AI Transforms the Early Detection of Lung Cancer
When you think of lung cancer prevention, your first thought is probably to reduce cigarette smoking. While anti-smoking initiatives are highly successful (67% reduction since 1965), lung cancer is still among the most common cancers and results in the most cancer-related deaths in the US. There is still work to be done to prevent severe lung cancer cases, and much of that work revolves around improving the early screening process to catch cancer before it spreads. This week’s Domain Knowledge focuses on recent AI developments in lung cancer detection.
The American Cancer Society’s National Consortium for Cancer Screening and Care recommends 9 ways to boost cancer screening rates in a recent report, many of which align with AI designed to improve efficiency, access, and quality control. The first objective, which is the foundation for all of the points listed, says “accelerating collective action of partnerships will influence the adoption of new screening interventions and policies”. As AI technology improves, it is equally important to work with healthcare professionals to integrate them smoothly into existing screening practices.
One significant way AI impacts lung cancer screening is by enhancing the peer review process used to assess diagnostic images for lung nodules. In a recent case study using AI in screenings for an 8-month period, thousands of scans were assessed for lung nodules and 118 scans were found to have clinically significant nodules that directly impacted patient care. Not only does AI allow for more scans to be screened, but in this case, it does so without disrupting the workflow of radiologists.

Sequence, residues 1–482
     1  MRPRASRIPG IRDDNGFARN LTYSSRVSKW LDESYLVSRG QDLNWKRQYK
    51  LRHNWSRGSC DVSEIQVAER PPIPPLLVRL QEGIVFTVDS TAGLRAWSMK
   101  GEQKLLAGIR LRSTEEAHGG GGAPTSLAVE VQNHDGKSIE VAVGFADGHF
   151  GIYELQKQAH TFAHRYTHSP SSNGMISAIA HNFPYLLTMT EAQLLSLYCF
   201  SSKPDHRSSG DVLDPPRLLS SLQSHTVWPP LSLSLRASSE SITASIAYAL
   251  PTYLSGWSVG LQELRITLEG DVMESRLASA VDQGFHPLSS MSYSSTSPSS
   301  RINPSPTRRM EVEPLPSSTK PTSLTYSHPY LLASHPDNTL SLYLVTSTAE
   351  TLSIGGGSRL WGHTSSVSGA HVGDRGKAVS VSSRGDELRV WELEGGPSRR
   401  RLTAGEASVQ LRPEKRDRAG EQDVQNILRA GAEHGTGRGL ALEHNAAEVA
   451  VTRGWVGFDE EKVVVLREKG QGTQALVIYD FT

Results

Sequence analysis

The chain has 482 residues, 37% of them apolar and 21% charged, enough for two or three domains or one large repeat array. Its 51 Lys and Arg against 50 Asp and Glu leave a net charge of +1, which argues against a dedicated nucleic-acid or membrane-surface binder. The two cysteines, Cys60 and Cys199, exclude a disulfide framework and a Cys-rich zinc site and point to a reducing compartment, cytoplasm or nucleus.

Other recent advancements in lung cancer detection utilize deep learning algorithms to detect nodules through various imaging methods. This recently published study shows how a deep learning model using the segmentation method can detect lung cancer on chest radiographs.
Additionally, image reconstruction can detect lung cancer nodules on ultra-low-dose CT scans. This could allow larger scale screening while minimizing radiation exposure for patients.
That’s a wrap for this week’s review of news and happenings in the healthcare AI space. In closing, I’ll leave you with an invitation to learn more about the benefits of using an AI Hub to manage multiple applications across your clinical needs and offer you a personal demo of Ferrum’s platform and growing AI catalog.
If you have AI tips, suggestions, or resources you’d like to share leave us a note below, and please feel free to suggest topics you would like to see covered in future posts.